Housing in Peru varies immensely, with single-family dwellings, high-rise apartment buildings, and informal squatter settlements all found within the country. The type of dwelling is dependent upon variables such as economic and social status of residents and location. Peru has a serious shortage of housing units, especially in the urban squatter settlements but also in the countryside. Large neighbourhoods of the country's poorer residents are found around the margins of Lima and other Peruvian cities. Often these areas begin as squatter settlements, with families invading vacant land on the periphery of urban areas. Over time, crude huts of cardboard or cane mats are replaced by adobe houses, which in turn are later replaced by two- and three-story homes made from brick and concrete. Such amenities as running water, sewers, electricity, sidewalks, and paved streets are added only gradually; it may take 20 to 30 years for a neighbourhood to become fully developed. Each family's dwelling also develops at its own pace, depending on individual financial situations and decisions. Thus, one house may remain at the initial stage of development while neighbours complete their homes with brick and concrete.

      Peru's educational system is challenged by the steadily increasing percentage of young people in its population. Thus, the state must spend a disproportionate share of its resources on education, which is free and compulsory for all children between ages 6 and 15. Compulsory education is difficult to enforce, however, especially outside urban centres. Because of extremely large class sizes, inadequate facilities, and poorly trained teachers, the quality of education received by children in public schools is regarded as low. As a result, most middle- and upper-class parents send their children to private schools. Universities in Peru include such large, high-calibre institutions as the Pontifical Catholic University of Peru, the University of Lima, and the National University of San Marcos, which was founded in 1551 and claims to be the oldest university in South America. There are also a number of provincial universities funded by the government, as well as many private institutions of higher education.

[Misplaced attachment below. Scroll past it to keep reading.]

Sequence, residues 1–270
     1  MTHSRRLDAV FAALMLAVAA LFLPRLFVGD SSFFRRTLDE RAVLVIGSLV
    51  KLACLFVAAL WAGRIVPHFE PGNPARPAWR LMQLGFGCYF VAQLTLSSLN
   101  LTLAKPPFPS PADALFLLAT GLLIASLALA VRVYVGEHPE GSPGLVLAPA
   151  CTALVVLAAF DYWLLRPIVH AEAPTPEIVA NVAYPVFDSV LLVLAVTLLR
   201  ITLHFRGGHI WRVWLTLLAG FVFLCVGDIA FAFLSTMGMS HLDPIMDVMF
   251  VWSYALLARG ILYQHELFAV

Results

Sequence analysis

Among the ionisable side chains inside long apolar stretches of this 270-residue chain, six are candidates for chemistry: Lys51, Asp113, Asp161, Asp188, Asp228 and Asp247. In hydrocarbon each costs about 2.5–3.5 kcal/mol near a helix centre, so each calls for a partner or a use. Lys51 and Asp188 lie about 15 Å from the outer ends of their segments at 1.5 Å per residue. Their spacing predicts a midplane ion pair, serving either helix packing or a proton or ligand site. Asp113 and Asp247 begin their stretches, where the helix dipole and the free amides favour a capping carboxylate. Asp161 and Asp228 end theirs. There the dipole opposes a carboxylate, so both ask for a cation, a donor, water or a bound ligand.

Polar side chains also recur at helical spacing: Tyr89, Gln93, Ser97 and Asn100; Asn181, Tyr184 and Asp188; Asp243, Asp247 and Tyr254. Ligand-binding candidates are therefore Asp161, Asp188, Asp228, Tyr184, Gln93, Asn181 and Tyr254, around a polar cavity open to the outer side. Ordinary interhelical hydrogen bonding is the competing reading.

Cultural life

Cultural milieu
      The complex ethnic and cultural mixture of Peru presents an entwining of aboriginal pantheism, Spanish mysticism, and African religious practices, manifested in the country's music, literature, textiles, handicrafts, gold and silver work, and bounteous cuisine.

Daily life and social customs
      There are distinct differences in the pattern of daily life for Peruvians, depending on their social class and whether they live in rural or urban settings. Most people who live in rural areas are very dependent on the agricultural cycle. The planting and harvesting periods, for example, are times that require a significant amount of hard work (much of it communal), whereas other times of the year do not demand such intensive labour. Most work is done during daylight hours; people rise early and go to bed early. The herding of sheep, llamas, and alpacas takes place at elevations above the limits of agriculture; pastoralists follow a distinct annual cycle that in many ways is more difficult (and certainly more isolated) than that of rural farmers. Religious festivals, weddings, baptisms, and similar occasions are often the only disruptions to the rigours of rural life, and these events are communal, with entire villages sharing in a family's celebration.

      The daily life of the residents of Peru's cities varies with social class. Relatively few of the poorer residents have good jobs within the formal Peruvian economy; often they must work two or three jobs, and they have less leisure time than other Peruvians. Such people make up the majority of the population in squatter settlements that surround the major urban areas.

      The life of the upper-middle class and more-affluent residents of Peru's cities is much different from that of the urban poor. The most important meal is usually taken shortly after noon; most families assemble for this dinner. The early afternoon is reserved for the siesta (nap) hour, followed by a return to work for those who are employed; for those who are not, it is a time for relaxing, paying social visits, participating in sporting activities, or watching a favourite telenovela (soap opera). The evening meal is usually very late and often taken away from home—while visiting with friends or in a restaurant or neighbourhood bar. Extended families frequently get together for birthday parties, weddings, baptisms, and other social events.